Receipt for the Money he receives. He has so “ little economy, that he affects to let his Land

at a low Rate, that he may easily find a Far

mer, and have a quick Return of his Money. " He cannot abide the Company of Gown-Men, " and Men of Letters. They were born (says

torment other People : The latter censure your Conduct, and

do not approve 66

you should enjoy any Pleasure : The former ule

all their Industry to make you poor and uneasy, " and talk of nothing but of Law Suits. These are " the Reasons for which Vertilas does not see his “ nearest Relations, who are Men of those two Pro“ fessions : He hates them morrally, because Ten Years ago they forced him to be a Magistrare a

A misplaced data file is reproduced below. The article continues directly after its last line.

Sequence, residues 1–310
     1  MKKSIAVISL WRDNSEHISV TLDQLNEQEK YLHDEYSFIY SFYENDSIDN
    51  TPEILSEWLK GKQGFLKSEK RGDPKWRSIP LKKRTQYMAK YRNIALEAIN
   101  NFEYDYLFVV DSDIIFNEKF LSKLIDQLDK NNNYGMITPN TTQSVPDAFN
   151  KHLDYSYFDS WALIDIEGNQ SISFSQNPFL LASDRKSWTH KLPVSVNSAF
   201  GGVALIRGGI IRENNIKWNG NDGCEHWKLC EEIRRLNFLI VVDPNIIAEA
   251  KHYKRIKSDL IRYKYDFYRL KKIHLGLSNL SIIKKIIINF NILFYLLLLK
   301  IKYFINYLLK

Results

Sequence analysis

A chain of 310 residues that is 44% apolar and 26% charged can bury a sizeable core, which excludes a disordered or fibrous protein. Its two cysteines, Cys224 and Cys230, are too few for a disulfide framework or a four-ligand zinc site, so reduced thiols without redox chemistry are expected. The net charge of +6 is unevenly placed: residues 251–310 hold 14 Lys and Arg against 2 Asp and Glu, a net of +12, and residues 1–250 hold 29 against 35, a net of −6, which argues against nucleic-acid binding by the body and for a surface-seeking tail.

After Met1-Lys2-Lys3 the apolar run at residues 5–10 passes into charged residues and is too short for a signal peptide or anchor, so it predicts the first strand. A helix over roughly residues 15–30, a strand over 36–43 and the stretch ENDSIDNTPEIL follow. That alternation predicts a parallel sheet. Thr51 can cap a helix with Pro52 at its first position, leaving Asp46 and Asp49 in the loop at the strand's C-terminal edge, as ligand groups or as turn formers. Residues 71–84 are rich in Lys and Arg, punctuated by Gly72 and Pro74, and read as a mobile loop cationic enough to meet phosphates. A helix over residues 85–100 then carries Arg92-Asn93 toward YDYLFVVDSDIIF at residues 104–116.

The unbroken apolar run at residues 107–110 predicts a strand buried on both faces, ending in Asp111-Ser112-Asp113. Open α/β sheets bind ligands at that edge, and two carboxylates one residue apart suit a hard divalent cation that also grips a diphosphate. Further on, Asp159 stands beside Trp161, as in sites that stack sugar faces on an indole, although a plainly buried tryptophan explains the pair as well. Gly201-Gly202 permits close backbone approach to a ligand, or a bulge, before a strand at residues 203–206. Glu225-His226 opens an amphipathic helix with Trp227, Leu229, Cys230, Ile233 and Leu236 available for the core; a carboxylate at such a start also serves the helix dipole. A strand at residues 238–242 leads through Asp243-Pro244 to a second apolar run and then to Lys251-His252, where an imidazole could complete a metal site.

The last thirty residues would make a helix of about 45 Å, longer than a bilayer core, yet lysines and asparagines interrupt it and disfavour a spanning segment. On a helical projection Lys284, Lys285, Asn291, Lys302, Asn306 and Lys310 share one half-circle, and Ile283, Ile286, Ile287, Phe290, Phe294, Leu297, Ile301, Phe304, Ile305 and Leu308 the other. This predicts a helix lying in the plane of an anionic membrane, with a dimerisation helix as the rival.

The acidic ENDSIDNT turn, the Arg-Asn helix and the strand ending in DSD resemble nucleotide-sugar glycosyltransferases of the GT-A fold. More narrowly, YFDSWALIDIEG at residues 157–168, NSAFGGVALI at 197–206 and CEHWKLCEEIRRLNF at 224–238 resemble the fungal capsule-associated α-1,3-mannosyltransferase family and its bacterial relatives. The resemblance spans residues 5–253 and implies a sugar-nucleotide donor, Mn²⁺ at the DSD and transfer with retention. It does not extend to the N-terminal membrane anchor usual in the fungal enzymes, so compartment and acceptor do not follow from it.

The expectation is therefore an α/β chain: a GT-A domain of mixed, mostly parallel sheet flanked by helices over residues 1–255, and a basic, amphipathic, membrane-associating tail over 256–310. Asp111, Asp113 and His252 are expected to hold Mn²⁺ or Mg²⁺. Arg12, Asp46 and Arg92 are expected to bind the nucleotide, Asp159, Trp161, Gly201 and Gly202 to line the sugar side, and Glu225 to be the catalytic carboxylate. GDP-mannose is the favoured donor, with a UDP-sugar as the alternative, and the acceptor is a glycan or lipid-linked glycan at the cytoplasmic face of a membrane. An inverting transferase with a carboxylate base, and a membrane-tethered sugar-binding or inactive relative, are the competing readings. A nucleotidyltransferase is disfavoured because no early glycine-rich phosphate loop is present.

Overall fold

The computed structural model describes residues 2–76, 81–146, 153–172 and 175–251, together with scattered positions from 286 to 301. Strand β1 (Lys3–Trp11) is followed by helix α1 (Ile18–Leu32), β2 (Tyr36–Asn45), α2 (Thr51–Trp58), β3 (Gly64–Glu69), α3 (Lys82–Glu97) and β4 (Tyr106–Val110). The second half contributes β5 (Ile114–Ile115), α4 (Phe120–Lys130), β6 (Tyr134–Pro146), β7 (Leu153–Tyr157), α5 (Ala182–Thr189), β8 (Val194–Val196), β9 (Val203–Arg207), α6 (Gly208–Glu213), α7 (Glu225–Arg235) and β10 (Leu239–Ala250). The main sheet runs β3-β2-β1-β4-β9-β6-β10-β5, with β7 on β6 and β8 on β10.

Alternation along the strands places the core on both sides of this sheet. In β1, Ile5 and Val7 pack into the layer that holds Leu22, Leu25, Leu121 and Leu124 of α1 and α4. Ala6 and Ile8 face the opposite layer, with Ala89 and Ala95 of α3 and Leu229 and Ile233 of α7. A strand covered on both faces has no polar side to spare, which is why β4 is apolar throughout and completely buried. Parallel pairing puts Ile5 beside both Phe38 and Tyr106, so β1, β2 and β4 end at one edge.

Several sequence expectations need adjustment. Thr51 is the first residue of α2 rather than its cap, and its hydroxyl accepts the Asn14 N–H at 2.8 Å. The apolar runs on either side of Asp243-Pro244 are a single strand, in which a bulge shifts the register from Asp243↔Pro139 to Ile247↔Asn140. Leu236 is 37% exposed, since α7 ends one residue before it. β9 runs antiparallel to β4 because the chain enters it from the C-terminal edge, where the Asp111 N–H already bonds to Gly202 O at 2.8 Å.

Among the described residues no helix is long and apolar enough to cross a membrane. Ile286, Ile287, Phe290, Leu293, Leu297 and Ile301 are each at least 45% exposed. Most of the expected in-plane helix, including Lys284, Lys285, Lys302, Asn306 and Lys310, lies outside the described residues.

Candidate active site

gainst his Will and his Inclination.

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Here follows the opposite Character of a Regular Magistrate,

“ Tho' Valerius has not been Six Years a Magistrate, yet he is so much esteemed for his constant Attendance, Application, and Judgment, that the most

important Affairs are already put into his Hands. “ Being sensible that he has not yet acquired a fuf“ ficient Experience and Capacity, he uses his ut“ most Endeavours to qualify himself for his Office. “He studies continually: He keeps a Man of Letters, “ to be directed by him in his Studies, and has fre

" quent

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quent Conferences, because he longs to be thorough

ly acquainted with every Thing that concerns the “ Law. He is very fond of Conversing with the most ic

famous Magistrates and Advocates, knowing how much one may learn by their Conversation. His greareft Curiosity concerns good Books relating to his

Profession. He spares no Cost to make a great Collection of them, and consults the most knowing